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Stillpoint: Performance for One

6 December 2019, 13:00 to 16:00

Somerset House East Wing

Stillpoint explores the choreography of listening: how we listen with the body and mind as well as the ears, and how we visualise space and texture through sound. This is an immersive piece for an audience of one person. Working between movement and stillness, sound and silence, this is a visceral and sometimes delicate exploration of the relationship between inner and outer worlds, and the power of  hearing to orientate and disorientate.

Stillpoint will be performed on the afternoon of Friday 6 December between 13.00 and 16.00 in Somerset House East Wing. Each performance will be for one person only and will last 10 minutes. Please note participants will be asked to wear a blindfold for the duration of the performance.

To sign up for a performance slot, please email Tabatha Andrews at:

Please indicate your preferred time slot; these start at 13.00 and run every 15 mins thereafter until 16:00. The performance is limited to 12 slots in total.

The project team will reply to confirm your time slot and provide further information about the performance, including details of location and arrival time.

Stillpoint is part of Call and Response, a collaboration between Andrea Streit at King’s College London’s Centre for Craniofacial & Regenerative Biology and Tabatha Andrews. The collaboration is part of the Arts in Dentistry Innovation Programme.


About the team 

Tabatha Andrews is an artist whose work explores how we bypass language to engage with the world through our senses. Working with sculpture, installation and a wide range of communities, she is interested in how we access memory and the process of listening. Earlier this year she showed in SPARE PARTS: Rethinking Human Repair at Science Gallery London and collaborated with the composer Charlotte Harding and opera singer Victoria Oruwari on Antiphon, a work for voice and a staircase.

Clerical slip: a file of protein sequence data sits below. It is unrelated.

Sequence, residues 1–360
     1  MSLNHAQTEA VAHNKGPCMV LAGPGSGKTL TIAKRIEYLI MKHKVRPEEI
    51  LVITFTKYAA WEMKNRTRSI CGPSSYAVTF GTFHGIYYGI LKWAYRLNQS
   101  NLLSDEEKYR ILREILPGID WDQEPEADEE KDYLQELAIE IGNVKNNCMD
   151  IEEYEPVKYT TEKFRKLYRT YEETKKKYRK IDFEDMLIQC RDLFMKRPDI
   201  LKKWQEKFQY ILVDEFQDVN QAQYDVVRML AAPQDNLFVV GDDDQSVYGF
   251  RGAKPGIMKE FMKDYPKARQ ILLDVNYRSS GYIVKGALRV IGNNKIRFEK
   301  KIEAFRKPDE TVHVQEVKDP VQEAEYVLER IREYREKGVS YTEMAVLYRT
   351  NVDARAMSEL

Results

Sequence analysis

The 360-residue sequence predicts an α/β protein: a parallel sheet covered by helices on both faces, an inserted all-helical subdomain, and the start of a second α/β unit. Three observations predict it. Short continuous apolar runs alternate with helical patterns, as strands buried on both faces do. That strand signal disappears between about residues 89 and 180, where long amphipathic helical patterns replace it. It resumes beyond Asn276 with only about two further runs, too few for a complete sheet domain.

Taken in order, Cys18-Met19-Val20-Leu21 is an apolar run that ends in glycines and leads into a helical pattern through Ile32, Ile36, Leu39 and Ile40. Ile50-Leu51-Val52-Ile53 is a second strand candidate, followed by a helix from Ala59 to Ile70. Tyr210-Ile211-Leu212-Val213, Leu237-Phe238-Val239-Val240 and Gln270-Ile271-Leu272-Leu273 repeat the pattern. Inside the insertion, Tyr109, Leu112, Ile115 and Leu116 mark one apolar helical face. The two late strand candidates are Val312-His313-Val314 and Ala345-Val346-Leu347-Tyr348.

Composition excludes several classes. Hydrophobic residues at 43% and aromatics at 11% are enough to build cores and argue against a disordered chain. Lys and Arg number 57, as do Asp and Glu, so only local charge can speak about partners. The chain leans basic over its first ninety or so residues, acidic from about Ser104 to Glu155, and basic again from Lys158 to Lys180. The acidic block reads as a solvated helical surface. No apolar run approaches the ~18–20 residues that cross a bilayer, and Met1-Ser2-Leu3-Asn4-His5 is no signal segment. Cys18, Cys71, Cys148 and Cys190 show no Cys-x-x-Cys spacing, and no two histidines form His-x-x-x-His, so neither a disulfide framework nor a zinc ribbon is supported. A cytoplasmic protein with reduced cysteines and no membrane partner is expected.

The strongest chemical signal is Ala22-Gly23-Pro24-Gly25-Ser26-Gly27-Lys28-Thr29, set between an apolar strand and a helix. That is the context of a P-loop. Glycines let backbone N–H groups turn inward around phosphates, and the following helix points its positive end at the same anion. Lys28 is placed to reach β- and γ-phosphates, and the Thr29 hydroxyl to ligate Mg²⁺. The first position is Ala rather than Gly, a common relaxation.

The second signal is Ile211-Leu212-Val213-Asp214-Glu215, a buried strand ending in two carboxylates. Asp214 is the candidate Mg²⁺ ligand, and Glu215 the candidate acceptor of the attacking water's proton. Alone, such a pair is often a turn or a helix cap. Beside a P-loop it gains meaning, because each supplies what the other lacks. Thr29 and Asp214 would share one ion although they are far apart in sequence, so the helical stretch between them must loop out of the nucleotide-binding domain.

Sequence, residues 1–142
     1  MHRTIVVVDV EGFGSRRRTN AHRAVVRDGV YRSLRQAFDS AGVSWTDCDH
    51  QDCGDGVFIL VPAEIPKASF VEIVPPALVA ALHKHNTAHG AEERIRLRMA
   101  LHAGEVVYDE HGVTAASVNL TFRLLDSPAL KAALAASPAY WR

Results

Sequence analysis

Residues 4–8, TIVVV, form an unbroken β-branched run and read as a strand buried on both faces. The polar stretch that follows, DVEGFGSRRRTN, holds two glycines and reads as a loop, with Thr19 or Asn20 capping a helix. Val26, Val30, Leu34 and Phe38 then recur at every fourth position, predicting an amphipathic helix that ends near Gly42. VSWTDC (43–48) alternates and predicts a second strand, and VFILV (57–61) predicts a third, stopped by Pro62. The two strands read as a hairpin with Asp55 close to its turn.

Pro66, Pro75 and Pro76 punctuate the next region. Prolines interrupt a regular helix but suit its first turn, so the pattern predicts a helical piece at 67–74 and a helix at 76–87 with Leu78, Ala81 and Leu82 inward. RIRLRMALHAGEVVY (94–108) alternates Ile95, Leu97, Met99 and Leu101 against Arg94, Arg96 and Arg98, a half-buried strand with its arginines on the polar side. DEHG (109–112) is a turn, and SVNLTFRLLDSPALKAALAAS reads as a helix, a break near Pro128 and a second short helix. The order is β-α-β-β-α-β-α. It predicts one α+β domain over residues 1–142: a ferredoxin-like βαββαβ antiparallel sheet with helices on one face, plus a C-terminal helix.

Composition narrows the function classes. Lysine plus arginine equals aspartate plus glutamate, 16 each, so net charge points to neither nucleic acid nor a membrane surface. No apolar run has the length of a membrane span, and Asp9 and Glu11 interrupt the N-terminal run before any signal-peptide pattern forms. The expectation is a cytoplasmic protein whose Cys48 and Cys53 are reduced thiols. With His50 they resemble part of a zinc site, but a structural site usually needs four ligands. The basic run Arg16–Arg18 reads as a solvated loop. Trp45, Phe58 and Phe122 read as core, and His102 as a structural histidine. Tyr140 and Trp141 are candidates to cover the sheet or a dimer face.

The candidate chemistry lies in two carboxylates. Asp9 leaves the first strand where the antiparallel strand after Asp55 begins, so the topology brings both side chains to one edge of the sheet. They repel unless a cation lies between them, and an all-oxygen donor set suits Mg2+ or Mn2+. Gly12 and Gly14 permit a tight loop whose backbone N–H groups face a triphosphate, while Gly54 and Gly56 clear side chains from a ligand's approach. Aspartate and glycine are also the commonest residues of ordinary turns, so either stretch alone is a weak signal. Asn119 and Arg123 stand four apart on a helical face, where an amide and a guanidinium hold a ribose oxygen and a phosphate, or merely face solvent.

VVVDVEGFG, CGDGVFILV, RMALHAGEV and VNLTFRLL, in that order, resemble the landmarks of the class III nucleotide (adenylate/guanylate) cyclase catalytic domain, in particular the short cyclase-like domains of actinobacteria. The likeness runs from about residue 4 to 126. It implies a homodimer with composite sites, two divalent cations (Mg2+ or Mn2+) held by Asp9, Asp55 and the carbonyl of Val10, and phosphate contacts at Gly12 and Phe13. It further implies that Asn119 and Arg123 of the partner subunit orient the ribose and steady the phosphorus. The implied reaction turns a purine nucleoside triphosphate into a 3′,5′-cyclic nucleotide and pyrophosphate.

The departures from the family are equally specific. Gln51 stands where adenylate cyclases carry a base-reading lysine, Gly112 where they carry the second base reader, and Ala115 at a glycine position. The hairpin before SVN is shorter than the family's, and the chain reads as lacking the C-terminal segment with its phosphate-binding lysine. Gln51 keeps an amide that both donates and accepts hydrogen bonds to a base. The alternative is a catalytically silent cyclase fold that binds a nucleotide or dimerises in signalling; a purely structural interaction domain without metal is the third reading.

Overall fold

Andrea Streit is a leading scientist in ear developmental biology. Her research focuses on the molecular mechanisms that define ear progenitors, and how this knowledge can be used for repair of degenerating cells in the damaged or ageing ear. She is Professor of Developmental Neurobiology in the Centre for Craniofacial & Regenerative Biology at King’s Faculty of Dentistry, Oral & Craniofacial Sciences.

Katrina Brown is a UK/NL-based choreographer with a hybrid practice across movement, drawing and still-and-moving image. Her work is presented in gallery-like situations, theatre spaces and site locations as well as on the artist-page. She produces material and digital documents as extensions of live work, of drawing residues and processual activities of moving, drawing, sensing, thinking. 

Heads up! Shining a light on innovations in oral health 

2 – 13 December 2019 | Monday – Friday, 12.00 – 18.00

Free admission

Heads up! Shining a light on innovations in oral health is a collaboration between King’s College London’s Faculty of Dentistry, Oral & Craniofacial Sciences and the university’s Culture team.

Image: Human ear drum and canal at 17 gestational weeks – Mona Mozaffari, Centre for Craniofacial, Stem Cell & Regenerative Biology, King’s College London

Follow @KingsDentistry on Twitter and Instagram.

Follow @CulturalKings on Twitter and Instagram.



Event details

Inigo Rooms
Somerset House East Wing
Strand Campus, Strand, London WC2R 2LS